Beirut-based Architectural Firm Wins Design Competition for Engineering Complex at AUB  
Trustee Philip Khoury Named MIT Associate Provost  
AUB and UAE Center Sign Agreement to Offer EMBA Program to Emirate Institutions  
Fourth AUB Faculty Seminar on Teaching and Learning with Technology  
New Faculty: Hussein Shahidi  
New Faculty: Kirsten Scheid  
New Faculty: Tima al Jamil  
Office of Grants and Contracts Celebrates World Intellectual Property Day  
Staff Profile: Ghaleb Halimi  
Fifth Annual FEA Student Conference Held  
Engineering Alumni Recognized for Outstanding Achievements  
Studying Biodiversity in Lebanon and the Region at AUB  
Construction Update  
Renovated AUB Archaeological Museum Inaugurated  
Renovated Pediatrics Clinic Opened  
Women's Rights Club Holds Conference on Gender and Sexuality  
Tenth Annual AUB Job Fair Largest Since Its Inception  
Letters from a New Campus by Daniel Bliss  
Winners of the Coca-Cola 'Make Every Word Count' Essay Competition Announced  
AUBMC Research Group Awarded NIH Grant  
Science Students Reveal Bonds Between Chemistry and Art  
Understanding the Political Economy of Islamic Movements  
Extreme Makeover: AUB Graduate Transforms Gulf Television  
Science, Math, and Technology Fair Promotes Environmental Thinking  
School Fair 2006: Prospective AUB Students Visit Campus  
Situation of the Palestinian Refugees in Lebanon  
Remembering the Writer, Khalil Takieddine  
Promotions 2005-2006  
Piano Recital by Arnimée Choukassizian  
Lecture on Space Exploration by World Expert  
Teleconferencing Brings Students Together Across Continents  
"Something Is Happening": Fairuz and Ziad Al Rahbani  
Cultural Genocide and Assyrian Cultural Survival  
Lecture on the History and Origins of American Islamicism  
Business School and Arts and Sciences Team Wins Soccer Championship Match by Narrow Margin  
  Red Cross Club Celebrates its 26th Anniversary at AUB
 
  History of the American University of Beirut: A New CASAR Course
 
  First Stereo-photography Exhibit at AUB  
  Photo Exhibition by President John Waterbury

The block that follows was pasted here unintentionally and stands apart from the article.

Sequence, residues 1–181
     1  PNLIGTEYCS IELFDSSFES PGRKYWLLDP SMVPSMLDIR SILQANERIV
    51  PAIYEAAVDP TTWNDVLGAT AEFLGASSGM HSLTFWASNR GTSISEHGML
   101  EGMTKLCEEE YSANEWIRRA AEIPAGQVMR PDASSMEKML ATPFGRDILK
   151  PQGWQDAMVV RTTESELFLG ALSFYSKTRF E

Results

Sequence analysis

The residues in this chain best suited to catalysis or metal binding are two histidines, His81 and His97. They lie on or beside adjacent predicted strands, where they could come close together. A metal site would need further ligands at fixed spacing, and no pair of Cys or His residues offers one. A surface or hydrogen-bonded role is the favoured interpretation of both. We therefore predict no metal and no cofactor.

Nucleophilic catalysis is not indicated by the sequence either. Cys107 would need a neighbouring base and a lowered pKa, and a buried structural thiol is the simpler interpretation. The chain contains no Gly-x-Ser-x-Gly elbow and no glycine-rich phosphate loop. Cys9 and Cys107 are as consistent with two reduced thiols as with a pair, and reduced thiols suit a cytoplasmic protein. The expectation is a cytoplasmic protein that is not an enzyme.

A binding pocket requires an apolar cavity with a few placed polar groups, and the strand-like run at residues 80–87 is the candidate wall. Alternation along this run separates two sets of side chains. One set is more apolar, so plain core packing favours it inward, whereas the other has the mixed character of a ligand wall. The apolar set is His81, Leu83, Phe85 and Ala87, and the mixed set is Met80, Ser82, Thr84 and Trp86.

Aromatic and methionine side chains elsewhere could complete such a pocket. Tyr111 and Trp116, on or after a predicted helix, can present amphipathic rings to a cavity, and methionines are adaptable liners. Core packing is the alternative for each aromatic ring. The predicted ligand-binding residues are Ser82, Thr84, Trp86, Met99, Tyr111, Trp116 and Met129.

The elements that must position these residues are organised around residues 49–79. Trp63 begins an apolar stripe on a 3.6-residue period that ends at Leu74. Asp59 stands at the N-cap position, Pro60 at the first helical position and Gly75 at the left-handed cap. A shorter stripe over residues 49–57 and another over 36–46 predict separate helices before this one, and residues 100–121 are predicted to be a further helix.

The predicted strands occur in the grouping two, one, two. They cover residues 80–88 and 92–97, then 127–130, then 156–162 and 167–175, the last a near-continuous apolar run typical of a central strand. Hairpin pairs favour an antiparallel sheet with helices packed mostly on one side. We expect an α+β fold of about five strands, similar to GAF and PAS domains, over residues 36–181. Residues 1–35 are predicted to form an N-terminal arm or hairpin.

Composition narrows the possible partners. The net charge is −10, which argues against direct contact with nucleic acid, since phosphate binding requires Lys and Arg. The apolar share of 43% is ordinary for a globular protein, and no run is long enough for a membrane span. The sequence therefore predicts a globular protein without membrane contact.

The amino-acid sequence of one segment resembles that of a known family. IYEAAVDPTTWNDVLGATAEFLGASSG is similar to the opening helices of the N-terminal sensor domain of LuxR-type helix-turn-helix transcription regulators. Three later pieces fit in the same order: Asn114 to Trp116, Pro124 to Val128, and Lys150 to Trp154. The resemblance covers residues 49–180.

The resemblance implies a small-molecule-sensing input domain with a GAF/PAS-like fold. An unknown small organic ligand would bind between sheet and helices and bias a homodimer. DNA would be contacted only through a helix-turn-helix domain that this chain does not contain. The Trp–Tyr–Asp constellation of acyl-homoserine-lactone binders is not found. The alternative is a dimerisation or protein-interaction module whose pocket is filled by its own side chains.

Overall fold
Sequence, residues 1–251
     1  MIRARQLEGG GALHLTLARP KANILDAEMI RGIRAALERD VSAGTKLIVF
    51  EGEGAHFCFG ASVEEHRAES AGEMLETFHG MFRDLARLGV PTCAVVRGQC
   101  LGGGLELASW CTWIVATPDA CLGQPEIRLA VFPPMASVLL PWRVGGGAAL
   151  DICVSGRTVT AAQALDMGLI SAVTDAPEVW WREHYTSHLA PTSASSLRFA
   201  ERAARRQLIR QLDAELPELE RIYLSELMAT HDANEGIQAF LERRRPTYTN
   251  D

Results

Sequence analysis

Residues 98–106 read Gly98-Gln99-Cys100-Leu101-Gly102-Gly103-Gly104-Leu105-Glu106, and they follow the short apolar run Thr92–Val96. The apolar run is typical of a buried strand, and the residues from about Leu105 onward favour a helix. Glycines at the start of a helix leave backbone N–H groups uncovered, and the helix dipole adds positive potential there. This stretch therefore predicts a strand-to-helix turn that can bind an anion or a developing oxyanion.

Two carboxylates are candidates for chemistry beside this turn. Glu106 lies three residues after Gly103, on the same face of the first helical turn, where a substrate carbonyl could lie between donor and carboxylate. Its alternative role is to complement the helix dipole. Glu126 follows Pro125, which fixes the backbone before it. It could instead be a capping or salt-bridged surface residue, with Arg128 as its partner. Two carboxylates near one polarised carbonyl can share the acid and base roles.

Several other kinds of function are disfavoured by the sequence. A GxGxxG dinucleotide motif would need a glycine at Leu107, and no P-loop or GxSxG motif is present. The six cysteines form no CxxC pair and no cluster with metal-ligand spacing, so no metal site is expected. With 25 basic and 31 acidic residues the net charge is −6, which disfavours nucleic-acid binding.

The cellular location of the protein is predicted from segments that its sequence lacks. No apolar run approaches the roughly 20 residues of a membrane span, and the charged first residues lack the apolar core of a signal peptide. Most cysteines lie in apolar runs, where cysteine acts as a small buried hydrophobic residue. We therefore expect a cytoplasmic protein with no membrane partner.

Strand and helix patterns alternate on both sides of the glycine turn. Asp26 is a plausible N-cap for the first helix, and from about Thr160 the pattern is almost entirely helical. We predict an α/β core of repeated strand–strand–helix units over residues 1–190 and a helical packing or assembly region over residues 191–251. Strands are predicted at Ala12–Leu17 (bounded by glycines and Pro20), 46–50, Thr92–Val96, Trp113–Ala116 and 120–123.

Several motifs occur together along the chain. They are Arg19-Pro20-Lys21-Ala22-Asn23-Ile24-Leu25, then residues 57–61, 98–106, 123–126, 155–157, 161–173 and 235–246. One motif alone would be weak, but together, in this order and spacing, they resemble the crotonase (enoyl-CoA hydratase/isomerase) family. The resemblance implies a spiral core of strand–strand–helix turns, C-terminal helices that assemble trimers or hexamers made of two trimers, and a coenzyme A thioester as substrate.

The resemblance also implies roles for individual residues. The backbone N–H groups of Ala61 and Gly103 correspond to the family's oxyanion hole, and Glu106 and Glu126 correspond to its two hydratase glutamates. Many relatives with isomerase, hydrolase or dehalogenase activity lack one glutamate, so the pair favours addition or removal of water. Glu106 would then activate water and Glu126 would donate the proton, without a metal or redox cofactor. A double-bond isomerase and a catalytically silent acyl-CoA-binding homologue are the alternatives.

The Cats of Renée Deek: End-of-Year Theater Workshop Performance  
  Film on Euthanasia-A True Story  
  Part Two of the CVSP Forum  
  Out of Place: Memories of Edward Said  
  Mozart and Schumann Celebrated at Assembly Hall  
  Austrian Chamber Music Duo Performs at AUB  
  Mathematician Alain Connes Visits AUB  
  Rima Khcheich Concert Plays to Sold-out Crowds at Assembly Hall
 
  Women's Auxiliary  
  33rd Annual Folk Dance Festival Hosts 20 Performing Schools  
June 2006 Vol. 7 No. 8


Lecture on the History and Origins of American Islamicism

Professor Timothy Marr

Timothy Marr, a professor of American Studies at the University of North Carolina at Chapel Hill and holder of a PhD from Yale University, gave a lecture on May 22 in West Hall about the thorny issue of islamicism in America. Hosted by the Prince Alwaleed Bin Talal Bin Abdulaziz Al Saoud Center for American Studies and Research (CASAR), Marr's talk, accompanied by slides, was entitled "The Cultural Roots of American Islamicism."

Marr argued that, rather than promote a better understanding of the religion of Islam or the interests of Muslims themselves, Americans have consistently mainstreamed orientalist images into domestic service as "a means to globalize the authority of the cultural power of the United States." He thus defined islamicism as a form of orientalism that consequently precludes a critical analysis of the diversity of Muslim peoples, the contingency of their cultures, and the complexities of their beliefs.

Marr then discussed the differences between two main kinds of islamicism: the romantic and the comparative. Drawing upon a panoply of stereotyped images, he showed how romantic islamicism painted Islamic lands in the American imagination as one of the world's most nefariously exotic places, populated by supposedly sensual and indulgent peoples, whose dissipation stood in stark contrast to the self-proclaimed virtue of the emerging American national identity. On the other hand, comparative islamicism, which started taking root with the decay of the Ottoman Empire, proved that Muslim societies, though politically weak, had been more successful in preventing many of the critical social problems American society was suffering from, problems like xenophobia, drunkenness, exploitation, and sectarianism. Marr cited honesty, hospitality, kindness to animals, temperance, sanctimonious cleanliness, and respect for the dead as aspects of Muslim and Turkish cultural behavior that first astonished Americans. He emphasized that as a result of comparative islamicism, Muslim and Turkish virtue became "an effective rhetorical means of highlighting the depths of American vice."

However, even comparative islamicism could not deter the traditional American view of the East, said Marr. He pointed out that even the worst vice in America's history, slavery, was still in practice in the States at the time it was outlawed by the Ottoman Empire in 1847. Marr concluded that a fuller understanding of the history and origins of American islamicism and its "complex, diverse, and abiding patterns of transcultural appropriation" is needed to provide the necessary perspective on contemporary dispositions toward Islam, which many Americans still view as the antithesis of their own beliefs and culture.